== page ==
"And yet--" he began.

He broke off abruptly in his speech. The hall seemed suddenly full of voices. Jane rose to her feet at the sound of approaching footsteps. She made the slightest possible grimace, but Tallente was oppressed with a suspicion that the interruption was not altogether unwelcome to her.

"Some of my cousins and their friends from Minehead," she said. "I am so sorry. I expect they have lost the hunt and come here for tea."

The room was almost instantly invaded by a company of light-hearted, noisy young people, flushed with exercise and calling aloud for tea, intimates all of them, calling one another by their Christian names, speaking a jargon which sounded to Tallente like another language. He stayed for a quarter of an hour and then took his leave. Of the newcomers, no one seemed to have an idea who he was, no one seemed to care in the least whether he remained or went, He was only able to snatch a word of farewell with Jane at the door. She shook her head at his whispered request.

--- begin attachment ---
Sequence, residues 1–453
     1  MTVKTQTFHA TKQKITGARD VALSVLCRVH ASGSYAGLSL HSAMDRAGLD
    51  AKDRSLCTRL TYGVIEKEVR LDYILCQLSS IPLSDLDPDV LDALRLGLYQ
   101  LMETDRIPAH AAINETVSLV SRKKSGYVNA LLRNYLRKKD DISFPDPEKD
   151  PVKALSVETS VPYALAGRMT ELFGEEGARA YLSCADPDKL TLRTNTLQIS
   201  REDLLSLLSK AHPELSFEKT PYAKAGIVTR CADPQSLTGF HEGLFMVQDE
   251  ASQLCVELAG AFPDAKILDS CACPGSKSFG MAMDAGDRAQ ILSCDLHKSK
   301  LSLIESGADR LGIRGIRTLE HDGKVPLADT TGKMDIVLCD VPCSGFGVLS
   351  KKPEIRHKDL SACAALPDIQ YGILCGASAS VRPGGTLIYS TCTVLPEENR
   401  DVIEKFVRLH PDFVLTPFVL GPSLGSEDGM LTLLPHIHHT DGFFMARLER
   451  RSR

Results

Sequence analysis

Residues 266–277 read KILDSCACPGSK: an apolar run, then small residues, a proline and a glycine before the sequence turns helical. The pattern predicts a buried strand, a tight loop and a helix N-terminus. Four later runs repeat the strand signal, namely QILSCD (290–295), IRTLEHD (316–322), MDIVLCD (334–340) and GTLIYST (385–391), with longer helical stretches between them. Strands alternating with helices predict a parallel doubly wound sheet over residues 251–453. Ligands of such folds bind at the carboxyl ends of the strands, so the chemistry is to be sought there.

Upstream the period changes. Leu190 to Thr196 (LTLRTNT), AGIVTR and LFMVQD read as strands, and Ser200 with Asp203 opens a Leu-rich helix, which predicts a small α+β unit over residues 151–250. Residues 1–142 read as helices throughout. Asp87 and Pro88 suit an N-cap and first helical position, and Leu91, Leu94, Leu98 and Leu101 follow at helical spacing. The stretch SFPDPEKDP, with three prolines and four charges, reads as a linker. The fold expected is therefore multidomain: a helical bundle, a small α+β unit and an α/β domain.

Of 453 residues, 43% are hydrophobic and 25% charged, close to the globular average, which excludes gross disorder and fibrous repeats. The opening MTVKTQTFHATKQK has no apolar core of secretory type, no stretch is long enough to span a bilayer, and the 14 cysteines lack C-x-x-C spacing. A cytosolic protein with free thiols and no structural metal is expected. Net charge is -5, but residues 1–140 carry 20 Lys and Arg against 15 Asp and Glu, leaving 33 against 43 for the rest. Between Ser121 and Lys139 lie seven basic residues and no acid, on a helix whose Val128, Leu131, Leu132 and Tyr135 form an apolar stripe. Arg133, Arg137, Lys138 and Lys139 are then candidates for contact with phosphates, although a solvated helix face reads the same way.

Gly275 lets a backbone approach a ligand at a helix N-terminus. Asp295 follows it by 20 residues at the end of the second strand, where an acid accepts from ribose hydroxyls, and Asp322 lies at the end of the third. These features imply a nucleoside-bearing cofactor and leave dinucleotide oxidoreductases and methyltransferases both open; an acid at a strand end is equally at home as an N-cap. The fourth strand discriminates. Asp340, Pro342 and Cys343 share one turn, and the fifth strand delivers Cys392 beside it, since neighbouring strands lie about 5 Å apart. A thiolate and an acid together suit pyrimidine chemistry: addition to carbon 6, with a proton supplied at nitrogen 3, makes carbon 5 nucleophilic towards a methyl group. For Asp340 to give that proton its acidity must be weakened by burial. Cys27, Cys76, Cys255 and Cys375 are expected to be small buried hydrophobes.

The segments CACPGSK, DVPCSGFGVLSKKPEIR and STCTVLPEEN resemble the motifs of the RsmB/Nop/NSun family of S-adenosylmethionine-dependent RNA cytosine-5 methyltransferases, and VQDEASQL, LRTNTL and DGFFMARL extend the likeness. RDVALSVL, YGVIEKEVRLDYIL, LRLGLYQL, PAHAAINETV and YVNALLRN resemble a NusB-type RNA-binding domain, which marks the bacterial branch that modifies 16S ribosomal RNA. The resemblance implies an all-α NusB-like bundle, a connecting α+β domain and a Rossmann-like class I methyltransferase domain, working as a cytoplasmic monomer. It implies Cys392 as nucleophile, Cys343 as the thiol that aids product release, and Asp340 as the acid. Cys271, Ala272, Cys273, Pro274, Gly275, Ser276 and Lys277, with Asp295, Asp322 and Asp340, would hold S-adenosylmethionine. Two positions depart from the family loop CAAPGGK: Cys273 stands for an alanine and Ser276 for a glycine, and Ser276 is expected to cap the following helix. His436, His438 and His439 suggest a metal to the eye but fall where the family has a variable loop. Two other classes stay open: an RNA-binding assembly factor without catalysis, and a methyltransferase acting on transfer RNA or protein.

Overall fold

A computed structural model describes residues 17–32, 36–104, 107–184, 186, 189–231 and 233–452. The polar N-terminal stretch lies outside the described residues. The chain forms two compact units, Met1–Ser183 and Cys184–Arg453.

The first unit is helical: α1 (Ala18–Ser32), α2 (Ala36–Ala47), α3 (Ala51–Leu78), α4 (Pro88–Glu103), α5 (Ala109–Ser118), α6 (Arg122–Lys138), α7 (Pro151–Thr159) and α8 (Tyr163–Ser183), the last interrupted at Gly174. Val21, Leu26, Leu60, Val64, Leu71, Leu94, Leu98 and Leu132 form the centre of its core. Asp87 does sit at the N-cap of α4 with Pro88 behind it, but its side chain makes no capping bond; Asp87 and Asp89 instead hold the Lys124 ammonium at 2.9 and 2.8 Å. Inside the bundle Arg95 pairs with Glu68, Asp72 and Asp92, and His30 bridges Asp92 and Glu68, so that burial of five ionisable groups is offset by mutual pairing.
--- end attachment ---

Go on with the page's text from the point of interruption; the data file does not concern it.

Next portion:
"I am afraid not," she answered. "How could I? Besides, there is no telling when this crowd will go. You are sure you won't let me send you home?"

Tallente shook his head.

"The walk will do me good," he said. "I get lazy in town. But you are sure--"

The butler was holding open the door. Two of the girls had suddenly taken possession of Jane. She shook her head slightly.

"Good-by," she called out. "Come and see me next time you are down."

Tallente was suddenly his old self, grave and severe. He bowed stiffly in response to the little chorus of farewells and followed the butler down the hall. The latter, who was something of a politician, did his best to indicate by his manner his appreciation of Tallente's position.